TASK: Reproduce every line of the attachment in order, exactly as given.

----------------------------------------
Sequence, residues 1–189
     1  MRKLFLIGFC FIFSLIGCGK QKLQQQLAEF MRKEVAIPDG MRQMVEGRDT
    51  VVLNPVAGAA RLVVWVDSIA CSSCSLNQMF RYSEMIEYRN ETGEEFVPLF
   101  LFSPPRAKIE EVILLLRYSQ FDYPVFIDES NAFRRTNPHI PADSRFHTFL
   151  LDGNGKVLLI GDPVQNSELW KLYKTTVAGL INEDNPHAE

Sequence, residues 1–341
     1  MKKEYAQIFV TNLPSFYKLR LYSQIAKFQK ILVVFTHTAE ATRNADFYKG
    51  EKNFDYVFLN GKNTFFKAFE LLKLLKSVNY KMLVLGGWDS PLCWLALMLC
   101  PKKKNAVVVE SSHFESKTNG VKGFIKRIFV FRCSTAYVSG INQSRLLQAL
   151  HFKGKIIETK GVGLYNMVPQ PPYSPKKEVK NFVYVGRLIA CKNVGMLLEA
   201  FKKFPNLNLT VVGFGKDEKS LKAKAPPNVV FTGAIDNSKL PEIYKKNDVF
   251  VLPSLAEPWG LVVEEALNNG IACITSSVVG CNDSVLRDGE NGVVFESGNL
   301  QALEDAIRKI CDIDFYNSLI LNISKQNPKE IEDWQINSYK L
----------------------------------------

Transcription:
Sequence, residues 1–189
     1  MRKLFLIGFC FIFSLIGCGK QKLQQQLAEF MRKEVAIPDG MRQMVEGRDT
    51  VVLNPVAGAA RLVVWVDSIA CSSCSLNQMF RYSEMIEYRN ETGEEFVPLF
   101  LFSPPRAKIE EVILLLRYSQ FDYPVFIDES NAFRRTNPHI PADSRFHTFL
   151  LDGNGKVLLI GDPVQNSELW KLYKTTVAGL INEDNPHAE

Sequence, residues 1–341
     1  MKKEYAQIFV TNLPSFYKLR LYSQIAKFQK ILVVFTHTAE ATRNADFYKG
    51  EKNFDYVFLN GKNTFFKAFE LLKLLKSVNY KMLVLGGWDS PLCWLALMLC
   101  PKKKNAVVVE SSHFESKTNG VKGFIKRIFV FRCSTAYVSG INQSRLLQAL
   151  HFKGKIIETK GVGLYNMVPQ PPYSPKKEVK NFVYVGRLIA CKNVGMLLEA
   201  FKKFPNLNLT VVGFGKDEKS LKAKAPPNVV FTGAIDNSKL PEIYKKNDVF
   251  VLPSLAEPWG LVVEEALNNG IACITSSVVG CNDSVLRDGE NGVVFESGNL
   301  QALEDAIRKI CDIDFYNSLI LNISKQNPKE IEDWQINSYK L